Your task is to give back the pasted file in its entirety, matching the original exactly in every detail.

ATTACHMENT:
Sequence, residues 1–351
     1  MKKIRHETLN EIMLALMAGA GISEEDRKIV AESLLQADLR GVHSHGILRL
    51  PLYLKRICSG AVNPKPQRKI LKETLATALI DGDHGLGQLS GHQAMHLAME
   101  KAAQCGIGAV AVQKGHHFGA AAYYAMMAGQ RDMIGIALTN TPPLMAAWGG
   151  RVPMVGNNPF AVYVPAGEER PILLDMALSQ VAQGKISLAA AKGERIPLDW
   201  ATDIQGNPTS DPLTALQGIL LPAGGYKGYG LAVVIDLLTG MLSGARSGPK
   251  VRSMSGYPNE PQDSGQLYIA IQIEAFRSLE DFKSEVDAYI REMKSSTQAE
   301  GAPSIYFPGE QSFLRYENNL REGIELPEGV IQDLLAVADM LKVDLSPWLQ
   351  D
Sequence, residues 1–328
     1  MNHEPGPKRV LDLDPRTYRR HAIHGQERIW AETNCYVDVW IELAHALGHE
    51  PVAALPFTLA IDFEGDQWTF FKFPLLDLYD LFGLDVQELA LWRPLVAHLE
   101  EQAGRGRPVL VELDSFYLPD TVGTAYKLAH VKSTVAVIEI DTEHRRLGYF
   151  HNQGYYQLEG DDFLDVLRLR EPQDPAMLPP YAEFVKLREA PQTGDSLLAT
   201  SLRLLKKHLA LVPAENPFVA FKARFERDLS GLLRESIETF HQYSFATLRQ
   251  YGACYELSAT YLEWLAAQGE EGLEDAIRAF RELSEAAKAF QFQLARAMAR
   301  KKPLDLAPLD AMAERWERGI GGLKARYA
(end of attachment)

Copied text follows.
Sequence, residues 1–351
     1  MKKIRHETLN EIMLALMAGA GISEEDRKIV AESLLQADLR GVHSHGILRL
    51  PLYLKRICSG AVNPKPQRKI LKETLATALI DGDHGLGQLS GHQAMHLAME
   101  KAAQCGIGAV AVQKGHHFGA AAYYAMMAGQ RDMIGIALTN TPPLMAAWGG
   151  RVPMVGNNPF AVYVPAGEER PILLDMALSQ VAQGKISLAA AKGERIPLDW
   201  ATDIQGNPTS DPLTALQGIL LPAGGYKGYG LAVVIDLLTG MLSGARSGPK
   251  VRSMSGYPNE PQDSGQLYIA IQIEAFRSLE DFKSEVDAYI REMKSSTQAE
   301  GAPSIYFPGE QSFLRYENNL REGIELPEGV IQDLLAVADM LKVDLSPWLQ
   351  D
Sequence, residues 1–328
     1  MNHEPGPKRV LDLDPRTYRR HAIHGQERIW AETNCYVDVW IELAHALGHE
    51  PVAALPFTLA IDFEGDQWTF FKFPLLDLYD LFGLDVQELA LWRPLVAHLE
   101  EQAGRGRPVL VELDSFYLPD TVGTAYKLAH VKSTVAVIEI DTEHRRLGYF
   151  HNQGYYQLEG DDFLDVLRLR EPQDPAMLPP YAEFVKLREA PQTGDSLLAT
   201  SLRLLKKHLA LVPAENPFVA FKARFERDLS GLLRESIETF HQYSFATLRQ
   251  YGACYELSAT YLEWLAAQGE EGLEDAIRAF RELSEAAKAF QFQLARAMAR
   301  KKPLDLAPLD AMAERWERGI GGLKARYA